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Season of Trees: Meet the 'Character' among MN Trees!

The Minnesota Landscape Arboretum is all about trees. This month, we’d like to introduce you to a native tree that really relies on human intervention to spread itself around. With giant leaves and cool rattling seed pods, Kentucky coffeetree is quite the character of the tree world!

Kentucky coffeetree

Kentucky coffeetree (Gymnocladus dioicus) is a medium-size, slow- to medium-growing deciduous tree, native from Minnesota to Oklahoma, and east to New York and Tennessee.
In the wild, it is often found in deep ravines and moist slopes.  

In Minnesota, its presence is considered rare if it is not intentionally planted.

What is the Kentucky coffeetree?

Here's some characteristics that may help you identify this tree: 
  • Deciduous, leaves drop in fall
  • Dioecious - male trees produce no seed pods, female trees do
  • Height: 60 to 75 feet; Width: 40 to 50 feet
  • Has an upright, unusual form as limbs can be spread far apart with irregular branching - all individual trees look quite unique
  • Bark: gray to dark brown, plated and ridged; younger branches share this scaled look
  • Leaves: bipinnately compound with 3 to 7 pairs of pinnae, each with 6-14 leaflets; leaves are up to 36 inches long and 24 inches wide
  • Buds: no terminals, but laterals are small, bronze, and partially sunken
  • Flowers: as part of the bean family, trees produce 8 to 12 inch long panicles of 1 inch fragrant white flowers in late-spring
  • Fruit: reddish-brown to black 5 to 10 inch long pods, containing several rock-like seeds

Best growing conditions

As a landscape tree, it exhibits an unusual, open branch form.The leaves are bipinnately compound, meaning each leaf is up to 36 inches long and 24 inches wide, with dozens of leaflets. It has a nice yellow fall color and winter interest with its branching and persistent pods.
  • Hardiness zone: 3 to 8
  • Full sun
  • Tolerates drought once established
  • Tolerates some salt, and pollutants
  • Recommended soil properties include a soil pH that's versatile, tolerant of chalk (limestone); Prefers rich, moist soil. Have your soil tested by the U of M Soil Testing Lab.
During winter months, the scaly, ridged bark generates interest, as do the reddish-brown seed pods that persist until spring.

Each seed pod contains a few hard seeds that need to be scarified or nicked before they will germinate. As such, natural propagation today is mainly through roots sending out sucker sprouts to form small colonies.

Where did its name come from?

As its name implies, early settlers to the region brewed the seeds as a coffee alternative. As the taste was not preferred, it was usually a last resort. Native Americans also used the seeds as dice and for jewelry.
While its structure is good for nesting birds, parts of the tree are toxic and are not a good food source for wildlife.

Common problems

No serious insect or disease issues. As parts of the tree are toxic, removal of seed pods and leaves from areas with grazing animals is recommended. Any plant parts that fall into standing water could make the water undrinkable for wildlife. Careful location selection is recommended.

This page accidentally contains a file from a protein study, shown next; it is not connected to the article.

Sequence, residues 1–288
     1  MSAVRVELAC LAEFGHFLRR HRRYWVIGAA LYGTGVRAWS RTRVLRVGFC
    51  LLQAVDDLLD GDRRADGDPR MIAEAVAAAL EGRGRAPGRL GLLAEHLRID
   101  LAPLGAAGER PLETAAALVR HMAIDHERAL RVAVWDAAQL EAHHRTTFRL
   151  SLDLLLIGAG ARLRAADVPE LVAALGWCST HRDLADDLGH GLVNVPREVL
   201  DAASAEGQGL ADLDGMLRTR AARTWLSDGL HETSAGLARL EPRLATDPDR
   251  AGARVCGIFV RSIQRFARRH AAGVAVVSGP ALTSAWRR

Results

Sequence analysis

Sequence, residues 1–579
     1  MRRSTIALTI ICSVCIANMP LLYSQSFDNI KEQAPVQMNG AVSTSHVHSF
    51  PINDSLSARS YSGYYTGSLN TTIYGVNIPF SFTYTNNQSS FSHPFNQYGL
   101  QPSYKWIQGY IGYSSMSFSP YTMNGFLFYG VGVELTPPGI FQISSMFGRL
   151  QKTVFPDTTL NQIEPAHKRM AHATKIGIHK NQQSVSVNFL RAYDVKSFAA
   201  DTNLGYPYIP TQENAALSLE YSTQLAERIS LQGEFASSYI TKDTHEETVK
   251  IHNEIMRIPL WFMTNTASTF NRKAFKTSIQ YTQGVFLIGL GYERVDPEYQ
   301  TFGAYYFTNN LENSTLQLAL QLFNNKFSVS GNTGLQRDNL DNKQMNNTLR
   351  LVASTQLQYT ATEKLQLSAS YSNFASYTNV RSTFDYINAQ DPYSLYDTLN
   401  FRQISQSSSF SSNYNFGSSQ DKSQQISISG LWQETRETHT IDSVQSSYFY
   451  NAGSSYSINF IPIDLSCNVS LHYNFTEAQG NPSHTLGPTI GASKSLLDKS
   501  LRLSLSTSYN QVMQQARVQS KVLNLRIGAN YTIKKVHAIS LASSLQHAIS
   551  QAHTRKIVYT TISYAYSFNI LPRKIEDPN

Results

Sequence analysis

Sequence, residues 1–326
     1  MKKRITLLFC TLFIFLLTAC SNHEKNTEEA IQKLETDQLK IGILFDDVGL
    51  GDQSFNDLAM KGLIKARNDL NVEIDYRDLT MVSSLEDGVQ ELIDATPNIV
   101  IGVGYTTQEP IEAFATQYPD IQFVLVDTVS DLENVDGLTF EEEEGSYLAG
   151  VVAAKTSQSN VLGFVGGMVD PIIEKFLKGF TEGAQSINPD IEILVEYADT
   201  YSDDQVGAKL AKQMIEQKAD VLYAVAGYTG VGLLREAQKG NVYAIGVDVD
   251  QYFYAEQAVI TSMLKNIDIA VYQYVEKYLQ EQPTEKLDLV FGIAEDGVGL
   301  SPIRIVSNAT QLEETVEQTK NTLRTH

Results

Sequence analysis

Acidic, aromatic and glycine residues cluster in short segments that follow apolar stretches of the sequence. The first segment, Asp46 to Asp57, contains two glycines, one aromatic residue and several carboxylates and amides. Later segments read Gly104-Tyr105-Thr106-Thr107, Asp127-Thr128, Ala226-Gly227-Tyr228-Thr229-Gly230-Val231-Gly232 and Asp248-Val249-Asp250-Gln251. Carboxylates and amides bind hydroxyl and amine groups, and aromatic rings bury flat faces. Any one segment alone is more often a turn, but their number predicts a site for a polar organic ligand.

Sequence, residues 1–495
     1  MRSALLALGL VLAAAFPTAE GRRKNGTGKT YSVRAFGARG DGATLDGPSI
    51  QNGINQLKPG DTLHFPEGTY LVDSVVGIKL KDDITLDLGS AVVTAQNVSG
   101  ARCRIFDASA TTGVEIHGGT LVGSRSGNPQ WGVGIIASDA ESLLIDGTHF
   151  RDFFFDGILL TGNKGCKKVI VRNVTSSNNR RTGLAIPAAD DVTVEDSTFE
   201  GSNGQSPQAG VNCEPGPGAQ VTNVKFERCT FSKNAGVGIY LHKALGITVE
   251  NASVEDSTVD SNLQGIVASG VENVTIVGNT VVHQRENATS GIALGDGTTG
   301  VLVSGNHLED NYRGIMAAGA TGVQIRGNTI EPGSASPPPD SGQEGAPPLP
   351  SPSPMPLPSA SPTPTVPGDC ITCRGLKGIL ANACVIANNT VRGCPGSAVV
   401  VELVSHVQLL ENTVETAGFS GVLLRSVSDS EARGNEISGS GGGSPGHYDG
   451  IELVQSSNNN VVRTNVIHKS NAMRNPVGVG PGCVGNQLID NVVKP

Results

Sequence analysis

Visit What's wrong with my plant? - Kentucky coffeetree for a list of the most common pest problems in Minnesota.

Cultivated varieties for Minnesota

Cultivated varieties are selected for size, color, and performance in Minnesota. We recommend buying from local nurseries, as Minnesota-grown plants are already adapted to our climate and soils, require less transportation and fuel costs, and are unlikely to introduce or spread invasive species from other parts of the country.
  • 'Espresso' - Male (no seeds), more of an upward form, 50 feet tall and 35 feet wide
  • 'True North' - University of Minnesota introduction, male (no seeds) upright and narrow, 50-70 feet tall and 25-30 feet wide.
The above varieties are listed in the Plant Information Online database, which offers plant and seed sources throughout North America.

Our favorite Kentucky coffeetree at the Arb

The Minnesota Landscape Arboretum has a dwarf form of Kentucky coffeetree in our Dwarf Conifer Collection, just off the path leading to the lower waterfall area. Though referenced in Michael Dirr’s Manual of Woody Landscape Plants, it has not been propagated, making it truly unique. You should visit to enjoy it!

Kentucky coffeetree is on our Interactive Tree Trek map. To find one, click the layers icon in the top right and add "Tree Trek." The map will show you where to go, and give you a little info to take with you!

Author: Erin Buchholtz, Integrated Pest Management Specialist, Minnesota Landscape Arboretum

Editor’s note: This article is the second in a series the Y&G News called “Season of Trees.”  Every month, we’ll tell you all about a specific tree, what varieties do well in Minnesota and how to grow them.

In 2020, the Minnesota Landscape Arboretum celebrates the “Season of Trees: Returning to our Roots” which will highlight the beauty and benefits of trees in our communities.
Erin Buchholtz, Mn Landscape Arboretum

Our guest writer for this series is Erin Buchholz from the Arboretum. Erin earned her bachelor's degree in Horticulture from the University of Minnesota. She has worked in nonprofits and public gardens for over 15 years, and worked as an elementary school teacher for five years while earning her master's degree in education.  

She has returned to her love of connecting people to plants as the IPM (Integrated Pest Management) Specialist at the Minnesota Landscape Arboretum. Combining horticulture with education, she teaches staff and visitors how to use IPM to keep plants (and people) healthy.

  --Gail Hudson, Y& G News Editor

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